Even if hospital workers practice perfect hand hygiene, MRSA can still spread among babies in the NICU, according to new research led by a Drexel University researcher.
Neal D. Goldstein, PhD, assistant research professor in the Dornsife School of Public Health, and his team of researchers decided to look at how the complex patient care environment of a neonatal intensive care unit (NICU) may lead to MRSA transmission. Focusing on hand hygiene — a top indicator of whether infections might spread in hospitals — the researchers examined transmission from baby to baby, with the hospital workers that come into contact with newborns standing as the link.
And as it turns out, even theoretically perfect compliance with hand hygiene won’t completely eliminate the chance for MRSA to spread: the averaged risk reduction was 86 percent.
“The biggest implication is that hospitals should not just rely upon hand hygiene alone for protecting patients from becoming colonized and possibility infected with a difficult-to-treat organism,” Goldstein said. “Rather, infection control is a multi-pronged strategy. It can incorporate early detection and measures to mitigate spread that include possible decolonization or using an antibiotic to treat a patient even before infection.”
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The study, which was published in Infection Control & Hospital Epidemiology, used Methicillin-resistant Staphylococcus aureus (MRSA), a difficult to treat pathogen that can be deadly for people with weak or underdeveloped immune systems, as its subject.
“We wanted to focus on an organism that is frequently encountered in hospital environments,” Goldstein said. “In our vulnerable population of babies in the ICU, MRSA is of particular importance because about one third of babies that are colonized will go on to develop an invasive infection.”
In his simulation study, based out of Christiana Care’s NICU (in Newark, Delaware), Goldstein discovered that even if health workers had absolutely perfect hand hygiene, just under one in every 100 contacts between a baby and a hospital worker could still result in a MRSA transmission. During the average nine day stay, an infant is likely to have about 250 contacts with NICU workers that carry risk for MRSA transmission. While each contact is an opportunity for hygiene compliance, it is also potential for hygienic practices to break down.
“This sheds light on just how complex the patient care environment of a NICU is,” Goldstein said. “There are so many opportunities to potentially pass an organism between healthcare workers and their patients.”
Although it seemed that MRSA could not be completely wiped out through perfect hand hygiene, the study did show that the better hand hygiene was, the more it cut down on the spread of MRSA. The effect never quite leveled off, but continued to get better as hygiene levels improved.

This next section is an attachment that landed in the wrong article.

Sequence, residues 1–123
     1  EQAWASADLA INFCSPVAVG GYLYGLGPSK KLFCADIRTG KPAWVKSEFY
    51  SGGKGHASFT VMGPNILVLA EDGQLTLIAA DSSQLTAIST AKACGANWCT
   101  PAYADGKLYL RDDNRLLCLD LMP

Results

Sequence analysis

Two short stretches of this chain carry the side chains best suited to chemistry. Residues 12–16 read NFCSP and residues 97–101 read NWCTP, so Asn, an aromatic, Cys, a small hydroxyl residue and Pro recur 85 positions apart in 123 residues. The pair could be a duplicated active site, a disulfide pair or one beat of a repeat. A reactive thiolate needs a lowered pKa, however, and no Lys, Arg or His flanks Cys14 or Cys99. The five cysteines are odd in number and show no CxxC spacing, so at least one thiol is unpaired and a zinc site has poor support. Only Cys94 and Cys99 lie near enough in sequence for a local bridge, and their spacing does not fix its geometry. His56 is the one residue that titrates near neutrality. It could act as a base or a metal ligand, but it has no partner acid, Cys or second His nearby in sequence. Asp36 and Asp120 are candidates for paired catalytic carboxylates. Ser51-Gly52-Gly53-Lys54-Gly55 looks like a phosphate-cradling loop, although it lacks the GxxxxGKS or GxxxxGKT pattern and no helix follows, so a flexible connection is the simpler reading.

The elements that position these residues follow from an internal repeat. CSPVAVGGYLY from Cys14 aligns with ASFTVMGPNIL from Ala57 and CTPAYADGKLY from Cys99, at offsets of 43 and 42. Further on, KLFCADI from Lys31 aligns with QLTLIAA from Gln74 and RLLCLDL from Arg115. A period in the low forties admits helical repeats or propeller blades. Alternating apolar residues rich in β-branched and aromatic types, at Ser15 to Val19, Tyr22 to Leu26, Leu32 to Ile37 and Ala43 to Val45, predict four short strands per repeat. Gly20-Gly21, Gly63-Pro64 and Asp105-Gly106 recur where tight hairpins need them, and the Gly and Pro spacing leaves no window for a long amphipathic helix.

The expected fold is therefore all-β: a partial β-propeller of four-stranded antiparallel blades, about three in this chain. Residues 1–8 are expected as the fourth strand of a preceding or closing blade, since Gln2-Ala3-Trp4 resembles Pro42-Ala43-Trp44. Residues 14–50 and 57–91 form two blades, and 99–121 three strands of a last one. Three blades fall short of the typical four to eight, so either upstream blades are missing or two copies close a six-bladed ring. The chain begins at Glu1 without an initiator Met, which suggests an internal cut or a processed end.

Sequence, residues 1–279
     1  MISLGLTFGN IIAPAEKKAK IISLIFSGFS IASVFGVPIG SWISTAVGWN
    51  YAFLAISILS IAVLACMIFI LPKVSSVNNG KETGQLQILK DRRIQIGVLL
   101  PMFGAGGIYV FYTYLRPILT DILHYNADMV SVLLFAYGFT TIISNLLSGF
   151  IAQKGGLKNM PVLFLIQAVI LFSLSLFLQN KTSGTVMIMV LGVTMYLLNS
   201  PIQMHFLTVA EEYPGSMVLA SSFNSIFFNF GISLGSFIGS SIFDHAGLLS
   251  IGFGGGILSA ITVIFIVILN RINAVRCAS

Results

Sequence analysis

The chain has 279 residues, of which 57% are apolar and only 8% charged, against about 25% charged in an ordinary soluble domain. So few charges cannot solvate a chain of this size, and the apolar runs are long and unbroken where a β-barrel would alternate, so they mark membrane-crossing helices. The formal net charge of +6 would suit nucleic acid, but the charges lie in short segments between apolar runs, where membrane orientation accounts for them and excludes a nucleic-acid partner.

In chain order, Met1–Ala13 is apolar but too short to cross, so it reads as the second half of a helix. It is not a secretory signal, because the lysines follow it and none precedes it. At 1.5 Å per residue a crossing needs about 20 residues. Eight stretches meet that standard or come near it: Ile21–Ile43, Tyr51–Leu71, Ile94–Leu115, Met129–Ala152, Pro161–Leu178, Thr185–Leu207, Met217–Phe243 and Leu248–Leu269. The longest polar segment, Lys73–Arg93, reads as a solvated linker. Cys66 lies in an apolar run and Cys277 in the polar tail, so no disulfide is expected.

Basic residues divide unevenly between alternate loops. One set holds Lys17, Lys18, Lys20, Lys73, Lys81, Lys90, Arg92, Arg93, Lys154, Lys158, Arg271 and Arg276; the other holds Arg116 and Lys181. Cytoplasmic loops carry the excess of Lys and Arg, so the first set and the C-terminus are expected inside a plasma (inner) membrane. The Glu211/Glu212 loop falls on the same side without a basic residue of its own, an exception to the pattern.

When the team divided levels of hand hygiene into quartiles, the lowest level of cleanliness was associated with an averaged 29 percent decrease in MRSA prevalence when compared to no hand washing. And when the team looked at the two quartiles considered within the average range for hand hygiene of hospital workers, they found it correlated with a decrease in MRSA ranging between 51 and 67 percent.
However, having multiple lines of defense remains important.
“I think the reality is that infection control is not, nor can ever be, perfect,” Goldstein said. “You may follow all guidelines and suggested procedures, have 100 percent adherence to these interventions, and patients can still become colonized and possibly infected.”
So beyond hospitals practicing good hand hygiene and antimicrobial management, Goldstein suggests that efforts by people beyond hospital workers, including parents, visitors and the patients themselves (the non-infant patients, of course) can make a difference.
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“We can follow hygiene procedures, use gowns or gloves as needed, keep a clean environment, not bring in possible fomites such as cell phones, watches, or jewelry, and be a watchdog for the hospital, requesting that healthcare workers do hand hygiene if we don’t see it being done,” Goldstein said. “Outside the hospital, patients and parents can be more vigilant in requesting and using antibiotics appropriately so as not to give rise to antimicrobial resistant organisms. We’re all participants in infection control, not just the clinicians.”
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